Cracking down on crime trumps Arctic sovereignty: Canadian Poll

Western Nunavik, northern Quebec. Photo by Eilís Quinn.A poll released today suggests that Canadians care more about cracking down on crime than they do about Arctic sovereignty.

The Nanos Research/Institute for Research on Public Policy poll asked Canadians which of the government’s five long-term priorities were most important to them.

The priorities include cracking down on crime, rebuilding the Canadian Forces, improving food and product safety, asserting Arctic sovereignty and strengthening the economy.

Of the Canadians surveyed, 33.4 per cent said “cracking down on gun, gang and drug crime” was the most important issue.

On the economy question, 25.9 per cent said “strengthening Canada’s economic union” was a top issue. When it came to food security, 22.3 per cent said “improving food and product safety regulations” was a priority for them.

The North came in fourth with 7.7 per cent of respondents saying “asserting our sovereignty in the Arctic” mattered most.

“Rebuilding the Canadian Armed Forces” came in last on the priority list with 6.6 per cent of respondents saying it was a top issue for them.

The telephone survey of 1,211 respondents was conducted between May 16th -19th, 2011. It was based on the long-term priorities listed on the Prime Minister of Canada website.

Nanos Research says the poll is accurate within 2.8 percentage points, 19 times out of 20.

To see the complete poll, click here.

To see the prime minister’s long-term priorities click here and scroll down to the last paragraph.


Eilís Quinn, Eye on the Arctic

Eilís Quinn is an award-winning journalist and manages Radio Canada International’s Eye on the Arctic news cooperation project. Eilís has reported from the Arctic regions of all eight circumpolar countries and has produced numerous documentary and multimedia series about climate change and the issues facing Indigenous peoples in the North.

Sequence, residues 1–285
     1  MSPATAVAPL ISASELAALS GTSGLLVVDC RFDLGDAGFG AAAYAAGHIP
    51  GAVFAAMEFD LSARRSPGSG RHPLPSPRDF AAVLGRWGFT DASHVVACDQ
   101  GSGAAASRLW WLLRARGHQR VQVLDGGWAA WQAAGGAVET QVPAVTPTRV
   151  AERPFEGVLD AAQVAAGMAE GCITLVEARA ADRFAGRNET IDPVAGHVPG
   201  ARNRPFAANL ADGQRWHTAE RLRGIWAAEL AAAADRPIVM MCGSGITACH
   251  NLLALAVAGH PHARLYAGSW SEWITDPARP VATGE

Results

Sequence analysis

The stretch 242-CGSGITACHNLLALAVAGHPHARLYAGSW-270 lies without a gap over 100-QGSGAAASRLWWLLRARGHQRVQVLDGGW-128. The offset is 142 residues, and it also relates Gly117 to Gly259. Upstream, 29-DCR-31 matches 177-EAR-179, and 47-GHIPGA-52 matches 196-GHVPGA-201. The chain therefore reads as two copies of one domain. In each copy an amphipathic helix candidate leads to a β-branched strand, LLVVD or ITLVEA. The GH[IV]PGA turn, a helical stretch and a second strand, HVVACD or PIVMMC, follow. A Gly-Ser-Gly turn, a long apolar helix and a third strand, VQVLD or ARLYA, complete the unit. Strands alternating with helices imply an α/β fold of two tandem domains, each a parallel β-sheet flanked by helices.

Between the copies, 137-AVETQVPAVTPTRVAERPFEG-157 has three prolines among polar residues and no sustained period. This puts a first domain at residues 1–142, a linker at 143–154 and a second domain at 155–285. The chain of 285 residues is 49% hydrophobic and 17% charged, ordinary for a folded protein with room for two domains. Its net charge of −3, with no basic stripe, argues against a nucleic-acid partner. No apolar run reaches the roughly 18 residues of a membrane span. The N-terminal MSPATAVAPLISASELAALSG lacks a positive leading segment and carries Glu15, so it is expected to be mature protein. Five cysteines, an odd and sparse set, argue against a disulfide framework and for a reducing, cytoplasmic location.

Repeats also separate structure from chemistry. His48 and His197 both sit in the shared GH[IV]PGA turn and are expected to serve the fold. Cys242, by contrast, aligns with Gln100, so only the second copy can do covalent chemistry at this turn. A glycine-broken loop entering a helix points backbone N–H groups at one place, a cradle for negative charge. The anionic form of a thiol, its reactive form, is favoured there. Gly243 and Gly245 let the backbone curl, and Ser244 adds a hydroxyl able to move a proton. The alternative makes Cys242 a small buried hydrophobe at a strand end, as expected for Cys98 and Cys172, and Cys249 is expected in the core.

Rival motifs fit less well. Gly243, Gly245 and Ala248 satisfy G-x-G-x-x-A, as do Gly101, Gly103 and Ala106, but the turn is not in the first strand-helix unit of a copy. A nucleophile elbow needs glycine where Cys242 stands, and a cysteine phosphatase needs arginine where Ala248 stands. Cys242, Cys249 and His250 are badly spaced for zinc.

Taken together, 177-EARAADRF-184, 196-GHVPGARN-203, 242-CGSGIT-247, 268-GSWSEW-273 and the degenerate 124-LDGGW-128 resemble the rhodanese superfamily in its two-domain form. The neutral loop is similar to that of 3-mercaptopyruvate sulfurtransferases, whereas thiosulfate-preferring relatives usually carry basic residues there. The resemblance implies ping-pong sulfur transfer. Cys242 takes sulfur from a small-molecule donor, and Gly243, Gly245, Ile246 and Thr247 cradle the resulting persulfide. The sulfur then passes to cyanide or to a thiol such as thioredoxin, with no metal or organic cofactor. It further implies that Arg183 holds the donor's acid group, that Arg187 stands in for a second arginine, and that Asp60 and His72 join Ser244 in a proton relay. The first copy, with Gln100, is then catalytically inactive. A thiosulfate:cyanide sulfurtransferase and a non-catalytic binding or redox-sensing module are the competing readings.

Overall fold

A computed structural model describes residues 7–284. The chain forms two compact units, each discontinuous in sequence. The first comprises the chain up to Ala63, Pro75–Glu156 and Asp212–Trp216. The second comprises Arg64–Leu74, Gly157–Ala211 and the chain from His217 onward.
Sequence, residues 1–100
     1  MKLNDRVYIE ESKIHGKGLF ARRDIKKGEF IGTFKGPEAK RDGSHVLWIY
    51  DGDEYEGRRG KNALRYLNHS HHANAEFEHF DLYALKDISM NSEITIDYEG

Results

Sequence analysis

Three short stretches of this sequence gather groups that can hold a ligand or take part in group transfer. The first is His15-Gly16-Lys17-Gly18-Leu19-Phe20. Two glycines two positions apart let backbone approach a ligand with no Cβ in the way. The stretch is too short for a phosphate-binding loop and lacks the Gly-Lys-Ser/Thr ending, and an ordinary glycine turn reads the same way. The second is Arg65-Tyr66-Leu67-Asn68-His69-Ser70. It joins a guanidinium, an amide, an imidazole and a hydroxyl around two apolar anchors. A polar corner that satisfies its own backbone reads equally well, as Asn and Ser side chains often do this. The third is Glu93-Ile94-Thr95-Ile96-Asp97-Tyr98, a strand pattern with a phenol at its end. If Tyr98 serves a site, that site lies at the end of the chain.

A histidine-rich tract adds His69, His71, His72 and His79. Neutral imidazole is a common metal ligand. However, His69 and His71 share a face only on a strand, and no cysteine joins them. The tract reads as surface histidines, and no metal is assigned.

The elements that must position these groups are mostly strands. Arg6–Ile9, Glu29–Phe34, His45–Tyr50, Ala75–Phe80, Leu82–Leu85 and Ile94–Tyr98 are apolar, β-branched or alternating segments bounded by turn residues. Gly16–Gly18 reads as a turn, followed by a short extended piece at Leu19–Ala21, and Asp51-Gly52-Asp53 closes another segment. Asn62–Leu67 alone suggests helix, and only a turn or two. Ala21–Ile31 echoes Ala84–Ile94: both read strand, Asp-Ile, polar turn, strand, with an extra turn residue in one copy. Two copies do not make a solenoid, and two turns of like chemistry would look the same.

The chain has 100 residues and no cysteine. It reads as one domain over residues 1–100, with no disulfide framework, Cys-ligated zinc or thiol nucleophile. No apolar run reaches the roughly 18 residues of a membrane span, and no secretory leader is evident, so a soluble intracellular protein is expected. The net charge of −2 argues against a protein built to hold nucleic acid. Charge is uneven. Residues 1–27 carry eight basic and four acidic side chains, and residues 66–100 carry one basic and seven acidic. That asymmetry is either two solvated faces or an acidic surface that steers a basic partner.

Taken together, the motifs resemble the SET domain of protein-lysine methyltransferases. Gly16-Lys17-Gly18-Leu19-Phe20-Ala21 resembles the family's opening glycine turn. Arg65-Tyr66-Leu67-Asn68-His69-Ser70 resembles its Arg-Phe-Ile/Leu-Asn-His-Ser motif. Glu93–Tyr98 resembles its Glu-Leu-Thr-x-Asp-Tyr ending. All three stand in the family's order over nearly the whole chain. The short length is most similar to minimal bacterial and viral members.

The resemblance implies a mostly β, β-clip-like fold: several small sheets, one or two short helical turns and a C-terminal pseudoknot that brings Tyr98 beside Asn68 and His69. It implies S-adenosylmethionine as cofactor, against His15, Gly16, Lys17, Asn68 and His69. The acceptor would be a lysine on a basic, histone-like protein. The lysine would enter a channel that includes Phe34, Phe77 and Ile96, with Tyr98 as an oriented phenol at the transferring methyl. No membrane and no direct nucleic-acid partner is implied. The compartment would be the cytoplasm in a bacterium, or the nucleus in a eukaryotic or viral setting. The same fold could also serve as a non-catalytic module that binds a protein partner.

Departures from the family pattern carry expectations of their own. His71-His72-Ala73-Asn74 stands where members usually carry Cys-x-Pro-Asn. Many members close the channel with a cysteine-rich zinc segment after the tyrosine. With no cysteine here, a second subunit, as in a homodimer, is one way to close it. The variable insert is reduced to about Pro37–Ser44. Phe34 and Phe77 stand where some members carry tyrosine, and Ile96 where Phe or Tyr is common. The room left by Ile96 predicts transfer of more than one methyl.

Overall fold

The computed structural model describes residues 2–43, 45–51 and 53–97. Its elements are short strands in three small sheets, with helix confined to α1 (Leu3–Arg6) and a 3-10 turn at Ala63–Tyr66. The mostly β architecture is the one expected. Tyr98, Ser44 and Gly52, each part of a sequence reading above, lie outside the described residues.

Her investigative report "Death in the Arctic: A community grieves, a father fights for change," about the murder of Robert Adams, a 19-year-old Inuk man from Arctic Quebec, received the silver medal for “Best Investigative Article or Series” at the 2019 Canadian Online Publishing Awards. The project also received an honourable mention for excellence in reporting on trauma at the 2019 Dart Awards in New York City.

Her report “The Arctic Railway: Building a future or destroying a culture?” on the impact a multi-billion euro infrastructure project would have on Indigenous communities in Arctic Europe was a finalist at the 2019 Canadian Association of Journalists award in the online investigative category.

Her multimedia project on the health challenges in the Canadian Arctic, "Bridging the Divide," was a finalist at the 2012 Webby Awards.

Her work on climate change in the Arctic has also been featured on the TV science program Découverte, as well as Le Téléjournal, the French-Language CBC’s flagship news cast.

Eilís has worked for media organizations in Canada and the United States and as a TV host for the Discovery/BBC Worldwide series "Best in China."

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